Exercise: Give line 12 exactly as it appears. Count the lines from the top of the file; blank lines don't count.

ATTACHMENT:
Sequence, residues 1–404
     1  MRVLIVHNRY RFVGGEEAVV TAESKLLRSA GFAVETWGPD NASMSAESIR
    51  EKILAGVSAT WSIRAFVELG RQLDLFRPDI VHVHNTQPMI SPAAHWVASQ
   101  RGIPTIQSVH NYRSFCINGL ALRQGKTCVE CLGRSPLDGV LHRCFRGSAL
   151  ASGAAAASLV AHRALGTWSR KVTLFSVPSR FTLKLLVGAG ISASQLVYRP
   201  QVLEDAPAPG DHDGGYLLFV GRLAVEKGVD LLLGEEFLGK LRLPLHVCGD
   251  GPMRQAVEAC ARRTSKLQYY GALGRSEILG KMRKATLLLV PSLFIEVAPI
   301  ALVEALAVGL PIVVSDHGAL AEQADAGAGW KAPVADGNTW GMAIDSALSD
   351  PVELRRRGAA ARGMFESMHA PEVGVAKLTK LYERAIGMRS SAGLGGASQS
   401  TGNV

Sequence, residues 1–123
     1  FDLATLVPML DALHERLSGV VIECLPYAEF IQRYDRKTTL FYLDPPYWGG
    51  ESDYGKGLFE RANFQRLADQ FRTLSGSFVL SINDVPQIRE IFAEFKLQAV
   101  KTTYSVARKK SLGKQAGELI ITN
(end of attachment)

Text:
     1  FDLATLVPML DALHERLSGV VIECLPYAEF IQRYDRKTTL FYLDPPYWGG